Police Psychology | Opioids and Opiates
by Gary S. Aumiller, Ph.D. ABPP
I live on Long Island, NY. Last year 493 people died on Long Island from opioid and opiate overdose with Fentanyl being the worse drug for deaths. That’s more than were killed in car accidents in one of the most heavily trafficked areas of the country. More than gang related deaths, more than murders in general (although one could argue that a person selling opioids to another is actually committing murder). Yes, 493 people died last year and the trend so far this year suggests we may actually be ready to beat that number. So, I called Geisinger-Marworth Treatment Center, an awesome facility in the woods of Pennsylvania, that I refer almost any police officers from anywhere. I asked them what is the deal with the opioid problem on Long Island and do I have anything to worry about with the nation’s cops. Some of what I found out is a little disturbing.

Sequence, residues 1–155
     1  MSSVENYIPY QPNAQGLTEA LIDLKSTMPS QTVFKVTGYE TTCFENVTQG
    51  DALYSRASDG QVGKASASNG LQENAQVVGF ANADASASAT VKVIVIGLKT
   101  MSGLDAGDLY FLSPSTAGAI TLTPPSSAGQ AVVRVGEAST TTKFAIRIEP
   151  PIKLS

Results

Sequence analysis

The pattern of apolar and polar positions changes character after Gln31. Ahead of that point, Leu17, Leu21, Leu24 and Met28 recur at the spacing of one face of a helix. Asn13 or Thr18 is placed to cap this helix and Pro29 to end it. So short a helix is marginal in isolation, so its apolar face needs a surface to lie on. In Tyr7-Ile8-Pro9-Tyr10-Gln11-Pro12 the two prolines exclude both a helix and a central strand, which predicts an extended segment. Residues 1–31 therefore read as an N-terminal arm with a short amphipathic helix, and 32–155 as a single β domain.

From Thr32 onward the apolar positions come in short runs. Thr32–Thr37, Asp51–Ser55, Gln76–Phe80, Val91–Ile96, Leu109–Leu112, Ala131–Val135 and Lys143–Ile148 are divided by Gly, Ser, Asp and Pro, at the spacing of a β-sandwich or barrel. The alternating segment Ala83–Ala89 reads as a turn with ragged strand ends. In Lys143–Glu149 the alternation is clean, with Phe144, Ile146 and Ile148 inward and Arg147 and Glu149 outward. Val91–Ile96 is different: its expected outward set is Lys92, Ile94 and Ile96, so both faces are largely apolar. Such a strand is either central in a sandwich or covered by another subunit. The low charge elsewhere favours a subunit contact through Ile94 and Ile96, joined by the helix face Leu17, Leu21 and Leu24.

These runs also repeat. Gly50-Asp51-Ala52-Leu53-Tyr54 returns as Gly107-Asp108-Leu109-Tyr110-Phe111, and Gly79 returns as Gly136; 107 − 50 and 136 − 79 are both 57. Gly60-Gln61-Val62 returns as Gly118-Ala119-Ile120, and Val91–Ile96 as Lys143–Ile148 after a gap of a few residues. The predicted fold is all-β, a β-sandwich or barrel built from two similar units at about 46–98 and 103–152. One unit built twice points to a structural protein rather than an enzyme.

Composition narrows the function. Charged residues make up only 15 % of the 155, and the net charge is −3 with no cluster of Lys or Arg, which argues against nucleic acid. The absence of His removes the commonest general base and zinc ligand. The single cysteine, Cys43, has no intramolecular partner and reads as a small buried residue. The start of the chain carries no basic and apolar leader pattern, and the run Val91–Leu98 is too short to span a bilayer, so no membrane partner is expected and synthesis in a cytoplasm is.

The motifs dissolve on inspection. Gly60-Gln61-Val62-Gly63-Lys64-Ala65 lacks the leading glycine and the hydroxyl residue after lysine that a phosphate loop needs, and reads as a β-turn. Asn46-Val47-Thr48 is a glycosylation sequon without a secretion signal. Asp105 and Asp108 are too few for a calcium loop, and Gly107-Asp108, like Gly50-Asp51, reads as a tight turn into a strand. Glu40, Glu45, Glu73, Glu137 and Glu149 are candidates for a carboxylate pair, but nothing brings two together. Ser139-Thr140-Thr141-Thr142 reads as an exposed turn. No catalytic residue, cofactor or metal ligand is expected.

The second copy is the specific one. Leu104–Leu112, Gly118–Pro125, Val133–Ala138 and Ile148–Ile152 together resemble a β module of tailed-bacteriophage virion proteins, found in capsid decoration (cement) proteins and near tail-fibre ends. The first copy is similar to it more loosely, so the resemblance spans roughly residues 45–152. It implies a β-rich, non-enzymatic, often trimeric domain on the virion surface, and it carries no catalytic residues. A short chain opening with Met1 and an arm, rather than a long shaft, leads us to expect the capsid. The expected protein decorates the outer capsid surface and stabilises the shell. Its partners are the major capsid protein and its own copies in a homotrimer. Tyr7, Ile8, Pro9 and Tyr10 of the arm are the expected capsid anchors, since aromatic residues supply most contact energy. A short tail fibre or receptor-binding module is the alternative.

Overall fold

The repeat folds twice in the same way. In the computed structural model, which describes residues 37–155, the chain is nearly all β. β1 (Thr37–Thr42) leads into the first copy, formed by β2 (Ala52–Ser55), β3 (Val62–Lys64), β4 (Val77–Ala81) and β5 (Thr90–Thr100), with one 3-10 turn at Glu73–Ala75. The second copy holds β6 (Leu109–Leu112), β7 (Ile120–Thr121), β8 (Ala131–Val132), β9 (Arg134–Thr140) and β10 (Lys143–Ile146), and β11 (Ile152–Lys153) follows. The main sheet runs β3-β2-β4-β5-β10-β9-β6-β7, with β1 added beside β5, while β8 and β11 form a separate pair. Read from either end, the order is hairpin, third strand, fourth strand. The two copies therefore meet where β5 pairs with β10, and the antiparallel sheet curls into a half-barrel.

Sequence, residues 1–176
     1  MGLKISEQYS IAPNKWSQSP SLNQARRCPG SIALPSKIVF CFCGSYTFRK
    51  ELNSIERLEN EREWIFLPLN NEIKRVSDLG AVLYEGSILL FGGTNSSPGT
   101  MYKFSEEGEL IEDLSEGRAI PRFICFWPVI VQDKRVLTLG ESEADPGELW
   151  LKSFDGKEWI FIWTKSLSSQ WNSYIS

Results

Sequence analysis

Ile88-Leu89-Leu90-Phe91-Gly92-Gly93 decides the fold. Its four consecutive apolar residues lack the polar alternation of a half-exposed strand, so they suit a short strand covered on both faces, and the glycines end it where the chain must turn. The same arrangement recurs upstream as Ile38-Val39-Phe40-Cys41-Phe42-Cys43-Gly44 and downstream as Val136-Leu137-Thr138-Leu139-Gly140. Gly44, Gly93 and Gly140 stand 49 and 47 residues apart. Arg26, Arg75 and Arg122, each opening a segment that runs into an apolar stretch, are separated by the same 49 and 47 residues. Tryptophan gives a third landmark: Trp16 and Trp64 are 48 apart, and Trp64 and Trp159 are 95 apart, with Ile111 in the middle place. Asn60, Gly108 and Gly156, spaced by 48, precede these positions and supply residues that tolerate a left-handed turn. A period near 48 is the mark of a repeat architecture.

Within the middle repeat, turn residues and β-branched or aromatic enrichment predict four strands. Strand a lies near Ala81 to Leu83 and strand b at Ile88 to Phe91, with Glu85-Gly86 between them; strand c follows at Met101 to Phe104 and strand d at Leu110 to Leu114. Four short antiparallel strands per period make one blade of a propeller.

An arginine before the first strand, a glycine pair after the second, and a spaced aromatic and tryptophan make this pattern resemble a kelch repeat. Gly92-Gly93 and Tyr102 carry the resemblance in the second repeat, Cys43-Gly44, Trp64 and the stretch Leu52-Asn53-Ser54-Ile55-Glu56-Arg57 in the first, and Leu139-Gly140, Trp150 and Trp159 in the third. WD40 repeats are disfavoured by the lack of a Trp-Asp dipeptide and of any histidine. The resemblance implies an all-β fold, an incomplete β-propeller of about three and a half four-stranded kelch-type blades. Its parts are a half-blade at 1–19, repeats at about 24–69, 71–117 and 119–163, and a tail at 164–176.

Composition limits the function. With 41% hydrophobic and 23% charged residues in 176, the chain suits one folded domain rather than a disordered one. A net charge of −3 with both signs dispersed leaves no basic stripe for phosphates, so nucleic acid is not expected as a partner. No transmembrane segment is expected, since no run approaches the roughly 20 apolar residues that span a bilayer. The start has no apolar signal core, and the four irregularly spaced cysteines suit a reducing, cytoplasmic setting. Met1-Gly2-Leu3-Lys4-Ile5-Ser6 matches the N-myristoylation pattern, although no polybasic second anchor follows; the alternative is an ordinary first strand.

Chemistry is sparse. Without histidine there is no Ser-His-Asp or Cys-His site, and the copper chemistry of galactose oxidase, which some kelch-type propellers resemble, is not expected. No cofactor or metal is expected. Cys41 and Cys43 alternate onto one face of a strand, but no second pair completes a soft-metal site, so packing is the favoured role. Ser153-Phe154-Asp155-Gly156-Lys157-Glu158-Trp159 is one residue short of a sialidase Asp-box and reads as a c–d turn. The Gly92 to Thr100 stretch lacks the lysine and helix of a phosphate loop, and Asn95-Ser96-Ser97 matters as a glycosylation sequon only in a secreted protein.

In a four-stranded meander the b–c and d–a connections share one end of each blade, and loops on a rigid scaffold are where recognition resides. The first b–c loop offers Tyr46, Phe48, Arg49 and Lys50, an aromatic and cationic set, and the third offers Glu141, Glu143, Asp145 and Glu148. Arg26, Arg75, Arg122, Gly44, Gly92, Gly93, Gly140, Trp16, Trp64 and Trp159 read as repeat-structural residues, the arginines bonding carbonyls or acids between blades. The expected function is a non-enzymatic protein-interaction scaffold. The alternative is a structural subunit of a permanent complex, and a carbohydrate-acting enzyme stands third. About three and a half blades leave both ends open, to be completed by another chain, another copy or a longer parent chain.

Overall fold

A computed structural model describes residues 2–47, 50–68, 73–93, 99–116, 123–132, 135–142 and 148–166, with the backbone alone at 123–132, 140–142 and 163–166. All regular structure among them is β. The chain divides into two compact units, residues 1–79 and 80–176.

Let get the vocabulary right first. “Opiate” is a word that covers naturally occurring derivatives from the opium plant like Heroin, Morphine and Codeine. They are the original addictive drugs and really what it was all about when the guys came back from Vietnam addicted to Heroin and Opium. Opioids are synthetic versions of the opiates like Oxycontin, Oxycodone, Dilaudid, Percocet, Vicodin, Percodan, and Fentanyl. Both sets are addictive, but the synthetic drugs have become a bigger problem recently and it’s not just what is being sold on the streets. (more…)